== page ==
Fermentation!

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One of the many benefits of a community garden is…community! The most interesting people can become friends, and relationships that help facilitate learning and growth can enter into the everyday things that make life wonderfully abundant.

An example of this is: the other day, when I was visiting one of my new found friends, she suggested that we try one of her pickles from a jar she had been fermenting on her kitchen counter for a couple of days. Now, I have been curious about fermentation, and tried my hand with some kefir curds but those soon became so plentiful I had to stop for lack of people to share them with. Anyone who has harvested kefir curds knows this dilemma. I have also heard about the digestive benefits of fermented foods for years, but the only thing that came to mind was Kim Chi, which was not at all interesting to me-so I  just never investigated any further than that.

But, I had tried this friend’s fermented string beans a few months back, and enjoyed it, so I thought it would be safe and possibly satisfying. Lo and behold the fermented cucumber I tried was the single best pickle I have ever eaten in my life! It was unmistakably a dill pickle, but it had a flavor that rocketed beyond mere dill. Being a novice at spice experimentation I wasn’t sure what was in the brine, but my palette had never been happier.

Needless to say I got the recipe, and have a jar fermenting on my counter as we speak. If this works for me I will have an answer to the many cucumbers that are waiting for my attention.

A word about fermentation and its history: Fermenting happens naturally and pre-dates humanity, however humans took control of the fermentation process and have been using this method from as far back as 7000 BCE . In short, fermentation is the process of converting carbohydrates or sugars into alcohols and carbon dioxides using yeasts and/or bacteria under anaerobic (without oxygen) conditions.

This process is employed in the making of wine and beer, or for foods like yogurt and sauerkraut. The science of fermentation is known as zymology. Fermentation is also what happens during the pickling process however, with the common techniques of canning the fermentation process is ceased when the jars are boiled and sealed. With straight fermentation the process is halted when the jar is places below 55 degrees Fahrenheit. The jars are not subjected to heat or pressure, which allows the lactobacilli to remain in tact and give our digestive systems the some of the healthy enzymes it needs to function properly.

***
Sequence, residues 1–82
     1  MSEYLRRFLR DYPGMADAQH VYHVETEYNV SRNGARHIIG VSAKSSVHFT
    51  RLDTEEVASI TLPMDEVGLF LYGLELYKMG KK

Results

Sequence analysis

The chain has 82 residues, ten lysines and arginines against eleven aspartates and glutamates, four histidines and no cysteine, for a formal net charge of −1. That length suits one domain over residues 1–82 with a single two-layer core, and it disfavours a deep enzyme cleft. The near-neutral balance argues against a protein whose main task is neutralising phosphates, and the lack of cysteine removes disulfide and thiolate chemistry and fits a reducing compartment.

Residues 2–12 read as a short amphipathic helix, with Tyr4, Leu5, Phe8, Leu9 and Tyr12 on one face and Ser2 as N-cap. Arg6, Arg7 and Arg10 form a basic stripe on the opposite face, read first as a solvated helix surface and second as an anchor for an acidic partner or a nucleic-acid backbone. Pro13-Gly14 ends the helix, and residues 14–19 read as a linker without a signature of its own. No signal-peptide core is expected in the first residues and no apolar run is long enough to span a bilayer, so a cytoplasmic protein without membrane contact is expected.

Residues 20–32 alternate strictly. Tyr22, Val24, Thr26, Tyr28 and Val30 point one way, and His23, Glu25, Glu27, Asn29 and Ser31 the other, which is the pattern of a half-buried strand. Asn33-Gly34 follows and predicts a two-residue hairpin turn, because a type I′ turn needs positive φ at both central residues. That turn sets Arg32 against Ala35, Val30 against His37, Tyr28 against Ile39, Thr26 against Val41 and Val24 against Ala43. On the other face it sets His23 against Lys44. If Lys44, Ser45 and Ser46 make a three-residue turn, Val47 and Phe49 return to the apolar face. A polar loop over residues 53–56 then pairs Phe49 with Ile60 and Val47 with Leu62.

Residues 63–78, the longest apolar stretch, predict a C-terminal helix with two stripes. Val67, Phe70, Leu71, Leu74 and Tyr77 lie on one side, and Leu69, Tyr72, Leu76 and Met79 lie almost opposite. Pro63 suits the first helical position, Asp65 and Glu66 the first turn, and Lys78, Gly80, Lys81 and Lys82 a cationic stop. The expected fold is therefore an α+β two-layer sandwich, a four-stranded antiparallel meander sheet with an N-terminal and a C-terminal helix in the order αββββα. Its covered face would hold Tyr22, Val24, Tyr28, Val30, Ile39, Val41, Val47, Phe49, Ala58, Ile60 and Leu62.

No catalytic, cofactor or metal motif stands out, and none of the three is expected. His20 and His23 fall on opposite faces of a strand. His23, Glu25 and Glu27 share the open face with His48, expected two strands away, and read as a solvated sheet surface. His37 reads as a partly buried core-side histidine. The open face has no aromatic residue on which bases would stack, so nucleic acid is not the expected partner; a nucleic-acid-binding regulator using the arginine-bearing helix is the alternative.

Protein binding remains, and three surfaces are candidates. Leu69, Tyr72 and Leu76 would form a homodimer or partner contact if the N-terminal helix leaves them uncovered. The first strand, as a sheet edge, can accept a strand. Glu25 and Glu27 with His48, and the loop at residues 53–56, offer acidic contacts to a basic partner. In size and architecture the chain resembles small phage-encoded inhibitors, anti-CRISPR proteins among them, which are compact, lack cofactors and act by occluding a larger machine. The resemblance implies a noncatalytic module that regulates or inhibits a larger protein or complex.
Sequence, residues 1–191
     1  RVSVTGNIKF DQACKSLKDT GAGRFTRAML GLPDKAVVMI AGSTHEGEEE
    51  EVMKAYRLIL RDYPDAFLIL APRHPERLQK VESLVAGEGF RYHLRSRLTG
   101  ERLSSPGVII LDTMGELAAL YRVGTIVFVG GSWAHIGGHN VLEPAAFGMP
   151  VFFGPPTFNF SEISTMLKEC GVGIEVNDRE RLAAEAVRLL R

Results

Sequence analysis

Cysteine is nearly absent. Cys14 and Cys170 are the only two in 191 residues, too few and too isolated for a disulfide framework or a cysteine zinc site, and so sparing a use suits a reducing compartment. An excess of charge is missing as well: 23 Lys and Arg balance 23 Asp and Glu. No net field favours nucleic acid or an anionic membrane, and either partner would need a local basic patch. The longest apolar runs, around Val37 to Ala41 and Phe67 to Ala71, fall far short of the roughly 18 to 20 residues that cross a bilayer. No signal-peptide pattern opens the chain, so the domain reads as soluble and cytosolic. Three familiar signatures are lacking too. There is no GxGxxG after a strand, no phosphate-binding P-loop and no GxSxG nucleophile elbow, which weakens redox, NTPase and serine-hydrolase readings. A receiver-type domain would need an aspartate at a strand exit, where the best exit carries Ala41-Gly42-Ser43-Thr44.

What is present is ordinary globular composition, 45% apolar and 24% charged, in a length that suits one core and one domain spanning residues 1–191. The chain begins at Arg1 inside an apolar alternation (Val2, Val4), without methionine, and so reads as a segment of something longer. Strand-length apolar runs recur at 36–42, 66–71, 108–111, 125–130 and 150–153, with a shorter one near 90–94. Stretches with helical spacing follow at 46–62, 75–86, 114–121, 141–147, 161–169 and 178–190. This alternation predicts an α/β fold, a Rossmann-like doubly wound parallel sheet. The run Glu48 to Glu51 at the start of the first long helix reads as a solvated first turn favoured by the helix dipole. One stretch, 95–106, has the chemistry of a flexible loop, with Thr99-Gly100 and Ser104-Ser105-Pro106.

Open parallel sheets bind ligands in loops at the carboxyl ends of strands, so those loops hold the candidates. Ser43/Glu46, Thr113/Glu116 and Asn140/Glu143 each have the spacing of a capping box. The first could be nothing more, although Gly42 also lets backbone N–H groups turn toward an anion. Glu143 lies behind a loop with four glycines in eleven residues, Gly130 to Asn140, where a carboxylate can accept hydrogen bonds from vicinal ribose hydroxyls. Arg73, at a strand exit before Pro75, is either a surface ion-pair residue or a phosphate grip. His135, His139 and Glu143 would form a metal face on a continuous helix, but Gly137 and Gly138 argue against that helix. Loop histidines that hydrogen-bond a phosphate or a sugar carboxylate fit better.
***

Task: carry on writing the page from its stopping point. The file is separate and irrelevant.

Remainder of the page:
I am sharing my friend’s recipe with you, I am sure you can use whatever spices you like.

A note of caution: there is always a risk of botulism with the consumption of canned foods, so take care to not use plastic containers when making fermented foods and follow all directions carefully. Glass canning jars are nice and greatly reduce the risk of illness.

Fermented Cucumber Pickles

1 t. coriander seeds

 ½ t. ground black pepper

1 t. yellow mustard seeds

1 t. dill seeds

1 t. caraway seeds

1 t. celery seeds

9 cloves fresh garlic

6 dry bay leaves

6 T. Kosher salt

1/2 t. dried red pepper flakes

Dry dill heads & stalks

Take 1 quart boiling water; add salt & dissolve. Place 2 bay leaves, 3 garlic cloves & cucumbers in quart jars. Add 1 1/3 c. salted water to each of 3 quart jars, add 1/3 of combined spice mix, top off with fresh filtered water, leaving 1” head space.  Cover jars and shake to distribute salty water within jar, & make sure all veggies are still submerged. Place glass cup or custard cup into jar as needed to make sure all garlic and cucumbers are completely submerged.  Leave in dark, cool place for up to 2 weeks, checking and tasting as needed till pickles are as tangy as you like. When taste is right, cap tightly and store in refer or root cellar for 6 months or more, or till pickles are tangier than you like.

Happy Fermenting everyone!

Sun + rain = lots of yummy veggies?!

Between all this warm, sunny weather and some rain, gardens are bursting w/ veggies right now. See the harvest of Kim, a gardener at the Sunset Community Garden.

The tomatoes, though, might not be faring so well. What do you do to keep your tomatoes from splitting and growing healthy with this sort of weather?

Fresh from the Sunset Community Garden

How is Your Garden Growing Potluck!

Sustainable Renton is hosting a potluck dinner event for you to gather up with fellow gardening residents of the Renton area.  We will eat and get to know one another while we share learning and success on our garden adventures.
 
This is a great way to learn from a friendly group and find out about other events in the area.  Questions?  Contact Michelle at michelle.salima@gmail.com or 425-518-9692 (text or voice).
 
Feel free to bring kids, we have an area for them to hang out.
 
Thursday, July 26, 6:30-8PM
970 Harrington Ave NE; Renton WA.

Mini Community Garden

This Mini garden is all of 3’x3′ at the unused end of our dead end street.  My neighbors (Ashley, 4 and Daisy, 8) and I  planted tomato, zuchini, and corn seeds last week.  Cleaning the weeds out of our space prior to planting could never be described as a work party.  There was too much distraction and exploration.  Look, I found an earthworm!.  Look, a roly poly!  What is this?   Why is that?

Once the seeds were in the ground, every few hours, inpatient eyes were looking for sprouts.  Children have a completely different experience of the passage of time.  Finally, knowing that radish seeds sprout much very quickly, I bought some.  Daisy and I planted them yesterday.  Until they sprout, Daisy and Ashley are being satisfied by watching the apple blossoms turn from buds to open flowers.

– Rebecca Alder

Mini Community Garden